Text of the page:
The penis is composed of three cylindrical columns of erectile tissue, which are bound together by a dense fibroelastic layer called the tunica albuginea.
In this very low power, transverse cross-section of the penis, the upper two columns are the dorsal corpora cavernosa of the penis, and the lower column is the ventral corpus spongiosum, which also contains the penile urethra.
At the distal end of the penis, the corpus spongiosum expands to become the glans penis.
The tunica albuginea is surrounded by a layer of superficial fascia that contains connective tissue, prominent blood vessels, and nerves.
The dorsal side of the penis, which is the top side of this image, typically has the major blood vessels present, whereas the blood vessels within the columns of erectile tissue are significantly smaller.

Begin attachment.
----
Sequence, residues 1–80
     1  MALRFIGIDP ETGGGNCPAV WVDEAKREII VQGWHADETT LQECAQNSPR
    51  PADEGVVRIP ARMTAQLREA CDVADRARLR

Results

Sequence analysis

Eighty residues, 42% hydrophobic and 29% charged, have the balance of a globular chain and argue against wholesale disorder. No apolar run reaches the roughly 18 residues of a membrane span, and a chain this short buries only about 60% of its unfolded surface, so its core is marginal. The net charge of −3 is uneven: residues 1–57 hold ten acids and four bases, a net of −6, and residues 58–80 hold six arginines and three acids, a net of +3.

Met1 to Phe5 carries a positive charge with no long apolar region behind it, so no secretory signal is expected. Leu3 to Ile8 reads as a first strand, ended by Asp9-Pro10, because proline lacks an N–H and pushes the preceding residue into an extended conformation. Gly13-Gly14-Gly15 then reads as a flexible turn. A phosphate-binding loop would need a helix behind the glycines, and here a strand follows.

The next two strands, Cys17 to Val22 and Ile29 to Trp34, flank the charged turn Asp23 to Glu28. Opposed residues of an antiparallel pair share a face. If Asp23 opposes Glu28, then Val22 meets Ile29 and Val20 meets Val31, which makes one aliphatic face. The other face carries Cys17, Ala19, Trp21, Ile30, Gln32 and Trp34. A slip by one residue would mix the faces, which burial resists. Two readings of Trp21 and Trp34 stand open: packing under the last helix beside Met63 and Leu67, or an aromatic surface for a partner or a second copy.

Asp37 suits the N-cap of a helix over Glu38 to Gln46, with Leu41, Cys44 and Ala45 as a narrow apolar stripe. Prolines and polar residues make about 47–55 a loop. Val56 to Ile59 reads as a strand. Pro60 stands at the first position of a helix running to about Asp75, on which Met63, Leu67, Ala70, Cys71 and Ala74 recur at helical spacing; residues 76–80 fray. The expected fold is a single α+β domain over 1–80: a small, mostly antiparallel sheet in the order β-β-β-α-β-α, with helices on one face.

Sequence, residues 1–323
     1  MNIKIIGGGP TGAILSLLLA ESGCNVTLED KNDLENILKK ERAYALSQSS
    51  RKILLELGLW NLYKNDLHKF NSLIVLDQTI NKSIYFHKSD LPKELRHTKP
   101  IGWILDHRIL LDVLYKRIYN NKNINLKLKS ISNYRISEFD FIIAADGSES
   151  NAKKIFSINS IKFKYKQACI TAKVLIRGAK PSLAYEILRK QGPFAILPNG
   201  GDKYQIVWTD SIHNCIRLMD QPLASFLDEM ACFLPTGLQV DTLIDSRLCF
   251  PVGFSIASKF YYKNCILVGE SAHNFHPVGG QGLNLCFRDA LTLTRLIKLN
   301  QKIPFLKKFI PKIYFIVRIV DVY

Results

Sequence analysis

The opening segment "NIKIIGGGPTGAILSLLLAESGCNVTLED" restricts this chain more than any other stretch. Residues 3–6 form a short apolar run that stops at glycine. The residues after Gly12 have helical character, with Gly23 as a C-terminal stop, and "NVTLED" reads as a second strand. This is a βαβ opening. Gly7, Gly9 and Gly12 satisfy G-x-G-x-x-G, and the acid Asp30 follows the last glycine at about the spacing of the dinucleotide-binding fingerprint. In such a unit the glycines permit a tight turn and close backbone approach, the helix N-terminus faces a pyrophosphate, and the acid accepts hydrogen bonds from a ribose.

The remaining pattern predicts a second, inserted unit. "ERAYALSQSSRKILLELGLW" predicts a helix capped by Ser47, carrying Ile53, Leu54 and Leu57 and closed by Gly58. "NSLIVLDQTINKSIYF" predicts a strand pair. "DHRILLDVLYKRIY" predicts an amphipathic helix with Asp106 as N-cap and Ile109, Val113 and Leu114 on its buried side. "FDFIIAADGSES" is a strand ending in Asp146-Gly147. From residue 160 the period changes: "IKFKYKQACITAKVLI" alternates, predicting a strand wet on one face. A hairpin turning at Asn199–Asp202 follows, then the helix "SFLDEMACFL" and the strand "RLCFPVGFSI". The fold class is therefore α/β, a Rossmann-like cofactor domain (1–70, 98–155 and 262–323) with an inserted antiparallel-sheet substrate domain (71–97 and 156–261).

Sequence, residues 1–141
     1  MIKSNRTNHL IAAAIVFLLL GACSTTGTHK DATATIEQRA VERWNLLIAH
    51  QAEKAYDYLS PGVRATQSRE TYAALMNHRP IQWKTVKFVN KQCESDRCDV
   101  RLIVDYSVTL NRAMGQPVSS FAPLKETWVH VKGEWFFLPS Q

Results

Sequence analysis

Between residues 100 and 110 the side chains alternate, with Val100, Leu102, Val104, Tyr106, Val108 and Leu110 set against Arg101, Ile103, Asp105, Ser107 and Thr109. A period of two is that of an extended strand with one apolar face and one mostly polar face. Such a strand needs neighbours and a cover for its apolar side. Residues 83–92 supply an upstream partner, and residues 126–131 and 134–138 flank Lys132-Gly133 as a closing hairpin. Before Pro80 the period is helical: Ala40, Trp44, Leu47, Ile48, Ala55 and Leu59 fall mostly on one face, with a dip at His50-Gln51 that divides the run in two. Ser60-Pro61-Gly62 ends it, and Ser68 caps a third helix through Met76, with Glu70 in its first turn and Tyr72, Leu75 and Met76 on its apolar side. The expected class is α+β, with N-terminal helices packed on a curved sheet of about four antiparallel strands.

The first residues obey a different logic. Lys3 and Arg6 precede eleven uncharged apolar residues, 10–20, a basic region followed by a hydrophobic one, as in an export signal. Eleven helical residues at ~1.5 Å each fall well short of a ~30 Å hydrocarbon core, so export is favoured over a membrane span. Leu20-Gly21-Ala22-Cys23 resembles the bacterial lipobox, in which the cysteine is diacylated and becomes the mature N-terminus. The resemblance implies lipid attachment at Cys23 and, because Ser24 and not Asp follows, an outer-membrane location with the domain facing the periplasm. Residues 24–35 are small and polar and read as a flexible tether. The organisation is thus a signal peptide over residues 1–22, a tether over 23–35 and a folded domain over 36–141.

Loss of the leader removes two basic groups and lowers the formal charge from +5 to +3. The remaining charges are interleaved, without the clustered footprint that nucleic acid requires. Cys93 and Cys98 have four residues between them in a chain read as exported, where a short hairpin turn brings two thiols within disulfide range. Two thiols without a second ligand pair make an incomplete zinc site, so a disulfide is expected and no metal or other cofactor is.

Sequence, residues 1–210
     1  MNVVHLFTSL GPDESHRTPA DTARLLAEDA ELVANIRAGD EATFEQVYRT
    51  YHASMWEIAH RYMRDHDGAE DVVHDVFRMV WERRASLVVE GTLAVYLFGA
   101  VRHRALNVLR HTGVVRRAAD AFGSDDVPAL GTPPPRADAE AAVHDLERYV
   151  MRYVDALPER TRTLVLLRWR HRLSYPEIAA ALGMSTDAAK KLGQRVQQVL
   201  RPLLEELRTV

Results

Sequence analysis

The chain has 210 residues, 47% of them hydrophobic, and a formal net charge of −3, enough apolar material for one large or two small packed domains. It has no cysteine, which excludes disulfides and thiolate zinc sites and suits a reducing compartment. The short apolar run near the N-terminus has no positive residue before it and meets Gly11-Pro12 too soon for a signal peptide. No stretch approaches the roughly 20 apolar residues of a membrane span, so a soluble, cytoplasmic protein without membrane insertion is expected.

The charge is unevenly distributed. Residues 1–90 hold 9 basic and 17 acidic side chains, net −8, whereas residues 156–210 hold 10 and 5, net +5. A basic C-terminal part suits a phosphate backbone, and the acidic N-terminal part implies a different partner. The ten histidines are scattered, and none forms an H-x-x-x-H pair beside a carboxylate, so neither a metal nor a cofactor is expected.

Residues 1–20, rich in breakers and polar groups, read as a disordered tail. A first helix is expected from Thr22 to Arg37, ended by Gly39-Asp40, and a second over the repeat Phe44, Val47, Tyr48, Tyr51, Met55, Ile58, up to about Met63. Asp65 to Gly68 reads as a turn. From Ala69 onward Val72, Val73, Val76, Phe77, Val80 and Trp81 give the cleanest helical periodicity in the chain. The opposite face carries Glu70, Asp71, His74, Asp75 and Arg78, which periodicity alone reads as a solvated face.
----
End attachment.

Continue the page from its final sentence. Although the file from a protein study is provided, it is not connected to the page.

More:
Surrounding the superficial fascia is the outermost sheath of penile skin, which can only be partially seen in the upper left of this image.
The penile skin moves freely over the underlying tissues due to the loose hypodermis.
Unless circumcised, it extends over the glans as the prepuce or foreskin, which acts as a retractable protective fold of skin.
If we take a closer look at the corpora cavernosa at 10x magnification, we can see that the tissue is highly vascular, with a lot of red blood cells visible within the wide and irregularly-shaped vascular sinuses.
These sinuses are surrounded by walls or trabeculae that contain mostly elastic connective tissue and smooth muscle.
If we zoom in a little closer, we can see a few cross-sections of smooth muscle that stain darker than the surrounding tissue.
The sinuses are supplied by constricted thick-walled arteries and arterioles called helicine arteries.
As their name suggests, the helicine arteries are normally coiled when the penis is flaccid.
But during an erection, following the parasympathetic stimulation, the smooth muscle surrounding the sinuses and arteries relax, causing the arteries to dilate and straighten out.